Chaiken, J.M. & Chaiken, M.R.; (1982) Varieties of criminal behavior, Santa Monica: Rand Publishers
View Full Essay

Law Enforcement and Theories of Crime and Criminals

Words: 1165 Length: 3 Pages Document Type: Essay Paper #: 27529104

Schools of Criminology

Schools of Thought

Classical School introduction: This approach to criminology holds that basically, people will do things based on whether it is helpful to them and they will look after their own self-interest first. In other words, if a person is penniless and hungry, he will steal food because it is in his own self-interest to eat and stay alive, notwithstanding his crime

Classical School summary: In the 18th century philosophers like John Locke and Jean-Jacques Rousseau argued that existing theories of crime (God or the devil determine what humans will do) were not relevant. They put forth the alternative idea that because humans have free will, they choose which behavior they will follow. Most humans respond to pleasure and pain, and if crime brings a person pleasure, that's what he will do; but being hungry can bring pain so a person will commit a crime to…… [Read More]

Works Cited

Gul, S.K. (2009). An Evaluation of the Rational Choice Theory in Criminology. Sociology & Applied Science, 4(8), 36-44.

Tibbetts, S.G., and Hemmens, C. (2009). Criminology Theory: A Text/Reader. Thousand Oaks, CA: SAGE Publications.

Vito, G., and Maahs, J. (2011). Criminology: Theory, Research, and Policy. Burlington, MA:

Jones & Bartlett Publishers.
View Full Essay

Jails and Prisons the General Characteristics of

Words: 892 Length: 2 Pages Document Type: Essay Paper #: 28372795

Jails and Prisons

The general characteristics of prisons and jails are almost the same though they are considered as different entities in the criminal justice system. The main difference them is that whereas a prison holds convicted offenders who have sentences that are mostly beyond one year, offenders are locked in a jail either holding awaiting transportation to prison units or serving short-term sentences usually ranging from a few days to a year (Gaines and Miller, 2006). With reference to the United States of America criminal justice system the other difference is that prisons are under the jurisdiction of either federal or state while jails are controlled and used by local jurisdictions such as counties and cities. Due to the period of time that offenders take and the life they live in prisons, prisons have been considered to be total institutions. "A total institution can be defined as a place…… [Read More]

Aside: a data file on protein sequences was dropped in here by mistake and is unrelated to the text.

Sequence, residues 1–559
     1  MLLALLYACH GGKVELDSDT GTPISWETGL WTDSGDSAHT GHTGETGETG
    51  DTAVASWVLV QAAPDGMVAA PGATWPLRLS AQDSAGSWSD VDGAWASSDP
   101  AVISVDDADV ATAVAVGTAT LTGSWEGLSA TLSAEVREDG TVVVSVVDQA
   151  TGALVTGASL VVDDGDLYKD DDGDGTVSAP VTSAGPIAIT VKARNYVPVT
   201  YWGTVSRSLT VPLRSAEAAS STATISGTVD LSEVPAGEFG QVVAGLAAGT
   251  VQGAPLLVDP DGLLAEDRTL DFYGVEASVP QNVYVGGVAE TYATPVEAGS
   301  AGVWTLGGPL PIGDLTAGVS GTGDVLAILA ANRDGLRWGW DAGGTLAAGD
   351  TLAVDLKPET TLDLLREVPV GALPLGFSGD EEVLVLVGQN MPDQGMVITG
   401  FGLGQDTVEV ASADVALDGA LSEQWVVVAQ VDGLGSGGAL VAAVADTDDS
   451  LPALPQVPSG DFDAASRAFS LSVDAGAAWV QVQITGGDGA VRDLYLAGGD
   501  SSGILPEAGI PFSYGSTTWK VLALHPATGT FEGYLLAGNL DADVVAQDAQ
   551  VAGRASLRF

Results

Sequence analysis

References

Alarid, W.L. et al. (2008). Community-based corrections, 7th ed. Thomson/Wadsworth:

Belmont, CA.

Davies, C. (1989). "Goffman's concept of the total institution: Criticisms and revisions" Human

Studies, 12(1-2): 77-95.
View Full Essay

Golden Age of the Victim Golden Age

Words: 970 Length: 3 Pages Document Type: Essay Paper #: 83571439

Golden Age of the Victim

Golden Age Victim

An overview of the Golden Age of the Victim, including a comparison of victim mentalities of the 1960s era compared with the victim mentality of today's "victim" of crime. Synopsis of victim's assistance programs and victim advocates, including the methods they use to help victims and the laws enacted to provide victims with ongoing support within states and federal governing bodies.

Historically crime ran rampant throughout the nation. There wasn't much a person could do if they became a "victim" of crime. Many people took up arms and attempted to reconcile criminal activity on their own, helpless and subject to repeat offenses. During times of old, or the "Golden Age" of the victim, there was no help for someone defined as a victim, or burdened by crime. Crime was just as costly for many families as it is today, and with no…… [Read More]

References:

Barnes, Gilbert. 2011. Victim services. Office of Community Corrections, State Florida.

Retrieved: http://wwwdc.state.fl.us/oth/victasst/

Schmalleger, Frank & Armstrong, Gordon. 1997. Crime and the justice system in America.

Greenwood Publishing Group.
View Full Essay

How International Organizations Impact Incarceration and Prison Management in Brazil

Words: 3190 Length: 10 Pages Document Type: Essay Paper #: 3422744

International Organizations Impact Incarceration and Prison Management in Brazil

People incarcerated in prisons from developing countries like Brazil face long years of confinement in dirty and cramped quarters. Some of the harsh conditions the prisons present include inadequate hygiene, insufficient food allocations, and no clothing or other basic amenities. Even as the conditions do not form a pattern across the continent, the prevalence hits higher concerns requiring intervention from international organizations. The interactions allow resident prison managers to address inadequacies through prison reform and increased attention towards human rights. Various barriers include state secrecy, absence of public interest, and weak civil society inhibiting collection of sustainable information on the deplorable prisons. The veil of ignorance on the kinds of prison conditions that fuel abuse and neglect of people incarcerated makes it imperative for investigation of prison trends. International organizations generate information regarding issues that affect the penal system of the…… [Read More]